GREENEVILLE, Tenn. – On October 3, 2018, Trinity Scott Johnson, 39, of Morristown, Tennessee, was sentenced by the Honorable J. Ronnie Greer, U.S. District Court Judge, to serve 17 years in federal prison. Johnson pleaded guilty in July 2018 to conspiracy to distribute over 50 grams of methamphetamine (meth) or “Ice” and possession of a firearm in furtherance of a drug trafficking offense.
In February 2018, following an investigation conducted by the Hamblen County Sheriff’s Department, a suspicious person report to police caused Johnson to be arrested at an unoccupied residence in Morristown, Tennessee. When officers arrived, it appeared that the front door of the residence had been kicked in and Johnson was leaving the residence.
During a consent search of that residence, officers found a plastic grocery bag containing a large sealed bag of meth, a black bag containing four separate bags of meth, a camera case containing another bag of meth, a glass jar containing 15 bags of marijuana, and another separate bag of marijuana. The meth was field tested and weighed 1,169 grams. The marijuana weighed 25 grams. Officers also found drug paraphernalia, digital scales, two pistols, 17 guns, two shotgun barrels, numerous shotgun shells, 9mm rounds, and three .380 caliber rounds of ammunition in the residence. Johnson was interviewed and admitted ownership of the meth.
Johnson said he began using and selling gram quantities of meth in August 2016. After his first supplier was arrested, he found a new supplier who provided him larger quantities of meth. He admitted to purchasing ounce and half-kilogram quantities of meth from his second supplier on multiple occasions for approximately six months. After this supplier was arrested, Johnson found a third supplier who provided half-kilogram quantities of meth. Over the next six months, he purchased multiple half-kilograms of meth from the third supplier, until that supplier was also arrested.
While dealing with the third supplier Johnson met his fourth supplier who sold kilogram and half-kilograms of meth to him. Johnson stated that he always paid cash, $11,000 for a half-kilogram of meth, but could not recall how many times he purchased half-kilograms from this fourth supplier. He estimated he purchased at least 15, but not as many as 20, kilograms of meth from this supplier.
Johnson consented to a search of his residence in Morristown, Tennessee. During that search, officers located a safe in the bedroom closet containing seven guns and ammunition, 13 bags of meth, 12 bags of marijuana, a bag of cocaine, and drug paraphernalia (digital scales, empty bags, pipes). Field weight of the methamphetamine was 175.4 grams, field weight of the marijuana was 194.7 grams, and field weight of the cocaine was 8.1 grams.
All of Johnson’s co-defendants have pleaded guilty to offenses related to this conspiracy and are awaiting sentencing. Truman Lee Jones, 33, of Russellville, Tennessee, is set to be sentenced on November 11, 2018, and faces 10 years to life in federal prison. Amanda Marie Hilton, 36, of Whitesburg, Tennessee, is set to be sentenced on November 19, 2018, and faces five to 40 years in federal prison. Colby McGwire Scarlett, 20, of Morristown, Tennessee, faces 10 years to life in federal prison and is set to be sentenced on January 6, 2019. Jessica James, 30, of Morristown, Tennessee, also faces 10 years to life in federal prison and is set to be sentenced on February 6, 2019. Finally, sentencing for Megan Gilliam, 25, of Morristown, Tennessee, is set for February 11, 2019. She also faces 10 years to life in federal prison.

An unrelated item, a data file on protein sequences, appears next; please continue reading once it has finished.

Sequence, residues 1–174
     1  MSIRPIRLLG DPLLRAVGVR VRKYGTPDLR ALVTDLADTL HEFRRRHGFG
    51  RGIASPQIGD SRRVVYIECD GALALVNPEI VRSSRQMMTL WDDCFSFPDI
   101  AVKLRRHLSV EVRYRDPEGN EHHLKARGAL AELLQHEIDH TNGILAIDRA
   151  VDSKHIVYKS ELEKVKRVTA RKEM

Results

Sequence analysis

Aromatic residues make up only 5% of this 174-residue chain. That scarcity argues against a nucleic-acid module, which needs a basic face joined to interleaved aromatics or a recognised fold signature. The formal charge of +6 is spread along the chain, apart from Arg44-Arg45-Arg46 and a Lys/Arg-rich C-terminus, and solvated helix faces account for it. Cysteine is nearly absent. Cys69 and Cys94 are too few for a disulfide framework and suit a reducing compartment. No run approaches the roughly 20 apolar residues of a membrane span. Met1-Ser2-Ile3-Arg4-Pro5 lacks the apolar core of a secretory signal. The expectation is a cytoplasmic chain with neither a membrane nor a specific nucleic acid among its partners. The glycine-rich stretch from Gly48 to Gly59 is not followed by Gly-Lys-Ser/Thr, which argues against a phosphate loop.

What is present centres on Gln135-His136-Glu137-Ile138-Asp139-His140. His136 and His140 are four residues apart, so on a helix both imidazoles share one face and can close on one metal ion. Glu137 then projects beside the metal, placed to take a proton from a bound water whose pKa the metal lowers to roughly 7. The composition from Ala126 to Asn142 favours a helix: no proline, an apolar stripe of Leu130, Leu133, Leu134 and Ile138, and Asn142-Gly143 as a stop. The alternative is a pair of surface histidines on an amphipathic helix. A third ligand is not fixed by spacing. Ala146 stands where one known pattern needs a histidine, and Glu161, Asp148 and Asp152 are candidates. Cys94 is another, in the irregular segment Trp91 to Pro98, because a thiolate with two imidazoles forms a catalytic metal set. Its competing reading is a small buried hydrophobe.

Agencies involved in this investigation included the Hamblen County Sheriff’s Department and FBI. Assistant U.S. Attorney Robert. M. Reeves represented the United States in court proceedings. This case is part of Project Safe Neighborhoods (PSN), a program bringing together all levels of law enforcement and the communities they serve to reduce violent crime and make our neighborhoods safer for everyone. Attorney General Jeff Sessions reinvigorated PSN in 2017 as part of the Department’s renewed focus on targeting violent criminals, directing all U.S. Attorney’s Offices to work in partnership with federal, state, local, and tribal law enforcement and the local community to develop effective, locally-based strategies to reduce violent crime.
This case was also the result of the Department of Justice’s Organized Crime and Drug Enforcement Task Force (OCDETF) program, the centerpiece of the Department of Justice’s drug supply reduction strategy. OCDETF was established in 1982 to conduct comprehensive, multi-level attacks on major drug trafficking and money laundering organizations. Today, OCDETF combines the resources and expertise of its member federal agencies in cooperation with state and local law enforcement. The principal mission of the OCDETF program is to identify, disrupt, and dismantle the most serious drug trafficking and money laundering organizations and those primarily responsible for the nation’s drug supply.